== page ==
During the Thanksgiving holiday 2011, I began reflecting on my new parental role as an Empty Nester. Now that my daughter is a junior in college and my son is a freshman in college, I am thankful for a whole new world of things.
First of all, I—a beautiful, fun-loving, witty, very intelligent, overly passionate and level-headed but spontaneous single woman—am thankful that I can now write that many adjectives about myself without feeling embarrassed. After two failed marriages—which I refer to as my two successful tours of duty—and 21 years of being the biggest promoter, most dedicated campaign manager and foremost cheerleader my two children have ever retained, I sometimes forgot who I was.
I’m not blaming anyone but myself for that and I’m not really sure “blame” is even the right term. It was just a state of being; a temporary one thank goodness. What’s important now is that I have ME, and I have two wonderful young adult children, who are NOT perfect by any stretch of the imagination; however, they ARE perfect for me. I truly value that.
For instance, I value the fact that my children have been A/B students all their lives (except for a couple of grade-challenged semesters). I value their high academic accolades in college. I value their involvement with music and the arts since elementary school and the fact that they’ve voluntarily continued it into college. I value the fact that they have not spent one day in the principal’s office for any negative behavior in school, or one day in a detention center or jail for any negative behavior outside of school. I value the fact that they maintain their own prayer life, tithe on their earnings without being told and even at times attend church services (in person or video streaming) without my urging.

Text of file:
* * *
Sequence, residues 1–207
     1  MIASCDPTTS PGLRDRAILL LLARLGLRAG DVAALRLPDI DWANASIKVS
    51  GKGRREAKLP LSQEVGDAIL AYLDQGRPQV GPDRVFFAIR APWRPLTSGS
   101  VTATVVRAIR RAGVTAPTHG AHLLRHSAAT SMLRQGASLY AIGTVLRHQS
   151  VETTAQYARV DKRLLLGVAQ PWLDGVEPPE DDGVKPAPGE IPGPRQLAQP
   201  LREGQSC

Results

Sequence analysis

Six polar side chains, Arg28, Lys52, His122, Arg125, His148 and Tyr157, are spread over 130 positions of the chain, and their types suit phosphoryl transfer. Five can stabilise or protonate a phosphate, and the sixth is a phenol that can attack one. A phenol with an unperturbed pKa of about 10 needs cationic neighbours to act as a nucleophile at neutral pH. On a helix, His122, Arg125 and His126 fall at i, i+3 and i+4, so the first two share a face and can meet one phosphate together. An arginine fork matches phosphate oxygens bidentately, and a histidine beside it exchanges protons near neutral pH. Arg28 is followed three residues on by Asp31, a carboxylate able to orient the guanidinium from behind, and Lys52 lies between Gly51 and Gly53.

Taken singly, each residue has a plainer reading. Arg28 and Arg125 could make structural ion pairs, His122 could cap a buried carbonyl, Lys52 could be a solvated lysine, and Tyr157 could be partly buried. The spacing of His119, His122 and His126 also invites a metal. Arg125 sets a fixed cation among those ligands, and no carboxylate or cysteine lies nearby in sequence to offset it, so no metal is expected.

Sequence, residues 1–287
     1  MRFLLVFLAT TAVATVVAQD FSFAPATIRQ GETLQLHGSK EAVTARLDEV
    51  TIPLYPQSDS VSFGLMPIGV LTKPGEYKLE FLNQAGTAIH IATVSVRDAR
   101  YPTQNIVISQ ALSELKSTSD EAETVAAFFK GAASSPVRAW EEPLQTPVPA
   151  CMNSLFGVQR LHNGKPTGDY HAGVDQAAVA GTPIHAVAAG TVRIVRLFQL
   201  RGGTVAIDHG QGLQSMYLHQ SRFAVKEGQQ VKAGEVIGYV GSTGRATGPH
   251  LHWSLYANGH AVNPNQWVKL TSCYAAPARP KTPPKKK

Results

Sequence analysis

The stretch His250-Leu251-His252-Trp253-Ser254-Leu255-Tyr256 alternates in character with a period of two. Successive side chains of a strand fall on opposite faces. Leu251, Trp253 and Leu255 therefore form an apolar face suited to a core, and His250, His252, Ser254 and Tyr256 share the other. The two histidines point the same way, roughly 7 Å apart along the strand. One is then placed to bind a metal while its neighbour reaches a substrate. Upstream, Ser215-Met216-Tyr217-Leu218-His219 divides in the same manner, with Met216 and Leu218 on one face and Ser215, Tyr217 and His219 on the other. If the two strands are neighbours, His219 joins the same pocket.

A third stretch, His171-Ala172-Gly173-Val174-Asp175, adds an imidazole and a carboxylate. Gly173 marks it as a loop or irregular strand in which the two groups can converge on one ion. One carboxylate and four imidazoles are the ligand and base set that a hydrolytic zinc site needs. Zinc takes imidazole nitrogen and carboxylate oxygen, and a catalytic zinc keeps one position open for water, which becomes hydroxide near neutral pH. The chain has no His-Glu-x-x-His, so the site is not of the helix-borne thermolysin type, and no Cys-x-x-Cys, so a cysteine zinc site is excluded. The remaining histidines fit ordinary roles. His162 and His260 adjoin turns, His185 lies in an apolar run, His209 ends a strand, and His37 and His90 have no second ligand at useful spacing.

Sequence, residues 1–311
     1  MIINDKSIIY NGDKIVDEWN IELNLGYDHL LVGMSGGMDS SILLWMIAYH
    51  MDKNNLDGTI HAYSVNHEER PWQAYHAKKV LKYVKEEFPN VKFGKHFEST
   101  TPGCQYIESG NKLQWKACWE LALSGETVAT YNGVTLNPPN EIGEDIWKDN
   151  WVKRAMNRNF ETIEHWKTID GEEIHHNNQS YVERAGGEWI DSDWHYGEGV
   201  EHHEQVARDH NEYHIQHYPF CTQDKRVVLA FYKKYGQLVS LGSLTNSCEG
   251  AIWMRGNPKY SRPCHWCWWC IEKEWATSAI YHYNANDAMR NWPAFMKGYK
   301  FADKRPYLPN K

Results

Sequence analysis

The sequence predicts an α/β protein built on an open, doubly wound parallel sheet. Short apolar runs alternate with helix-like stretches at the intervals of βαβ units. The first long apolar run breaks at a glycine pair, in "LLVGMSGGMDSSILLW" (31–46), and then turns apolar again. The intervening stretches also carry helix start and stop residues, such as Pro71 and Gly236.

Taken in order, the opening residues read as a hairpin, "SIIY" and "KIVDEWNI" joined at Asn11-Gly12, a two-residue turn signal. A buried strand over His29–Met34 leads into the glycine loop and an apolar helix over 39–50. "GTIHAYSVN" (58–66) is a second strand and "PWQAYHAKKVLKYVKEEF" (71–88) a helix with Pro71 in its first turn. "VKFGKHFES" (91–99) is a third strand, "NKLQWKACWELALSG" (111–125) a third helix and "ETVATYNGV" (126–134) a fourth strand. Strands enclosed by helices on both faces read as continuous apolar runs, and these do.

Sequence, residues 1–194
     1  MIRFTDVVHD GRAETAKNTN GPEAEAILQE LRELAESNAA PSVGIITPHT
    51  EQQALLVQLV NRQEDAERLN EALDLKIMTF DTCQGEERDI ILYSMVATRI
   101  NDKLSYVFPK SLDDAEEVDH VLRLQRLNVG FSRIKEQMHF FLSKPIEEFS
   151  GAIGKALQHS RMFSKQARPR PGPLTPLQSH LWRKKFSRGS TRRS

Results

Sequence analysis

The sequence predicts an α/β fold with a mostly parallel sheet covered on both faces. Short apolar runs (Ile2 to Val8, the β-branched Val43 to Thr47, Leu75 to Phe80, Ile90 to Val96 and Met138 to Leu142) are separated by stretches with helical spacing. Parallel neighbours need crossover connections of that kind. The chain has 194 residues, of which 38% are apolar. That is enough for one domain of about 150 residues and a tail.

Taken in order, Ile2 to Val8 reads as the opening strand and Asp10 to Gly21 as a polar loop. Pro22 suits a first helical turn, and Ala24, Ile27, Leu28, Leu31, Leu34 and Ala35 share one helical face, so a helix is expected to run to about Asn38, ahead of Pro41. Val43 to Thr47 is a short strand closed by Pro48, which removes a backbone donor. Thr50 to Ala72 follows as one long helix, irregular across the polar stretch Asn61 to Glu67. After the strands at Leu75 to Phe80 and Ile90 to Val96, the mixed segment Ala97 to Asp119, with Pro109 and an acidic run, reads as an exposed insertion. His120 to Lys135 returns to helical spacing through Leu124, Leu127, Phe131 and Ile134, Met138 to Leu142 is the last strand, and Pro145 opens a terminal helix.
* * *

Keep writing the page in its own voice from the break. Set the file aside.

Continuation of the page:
So, yes, once I saw my children as being perfect for me—perfect for what I was called in life to do—I then discovered how to incorporate that mindset into the child-rearing equation. That instilled in them the desire to create high value in their own adult lives by their own efforts. It drives them to stretch beyond average and shoot for the moon because they realize in doing so, even if they fall, they will land among the stars.
Finally, I am thankful that I can now dive fully into the writing career I absolutely love. Doing so will not only help swallow up the gap left in my new “kids-free” schedule, but it will give me an opportunity to offer a few words of encouragement for fellow Empty Nesters or those soon approaching. Stay tuned right here for my regular blog entitled: My Empty NEST: a Never Ending State of Thanksgiving.
I look forward to your comments!